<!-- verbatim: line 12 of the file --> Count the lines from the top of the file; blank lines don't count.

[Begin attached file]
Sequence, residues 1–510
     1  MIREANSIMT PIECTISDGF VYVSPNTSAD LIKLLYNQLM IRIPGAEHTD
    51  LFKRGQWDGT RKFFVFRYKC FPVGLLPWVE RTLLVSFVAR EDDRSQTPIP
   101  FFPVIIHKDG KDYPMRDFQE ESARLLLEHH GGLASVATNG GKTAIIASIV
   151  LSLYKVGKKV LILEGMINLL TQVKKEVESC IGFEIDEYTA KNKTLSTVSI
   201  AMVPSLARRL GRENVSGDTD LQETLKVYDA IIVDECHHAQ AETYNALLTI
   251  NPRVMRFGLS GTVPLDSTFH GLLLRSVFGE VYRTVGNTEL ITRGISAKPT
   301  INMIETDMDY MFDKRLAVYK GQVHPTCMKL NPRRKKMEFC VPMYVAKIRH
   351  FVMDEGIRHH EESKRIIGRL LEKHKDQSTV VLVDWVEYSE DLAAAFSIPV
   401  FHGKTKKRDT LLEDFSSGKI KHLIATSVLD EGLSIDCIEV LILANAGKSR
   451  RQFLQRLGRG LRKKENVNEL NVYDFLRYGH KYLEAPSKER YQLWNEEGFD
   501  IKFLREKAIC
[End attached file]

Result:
   501  IKFLREKAIC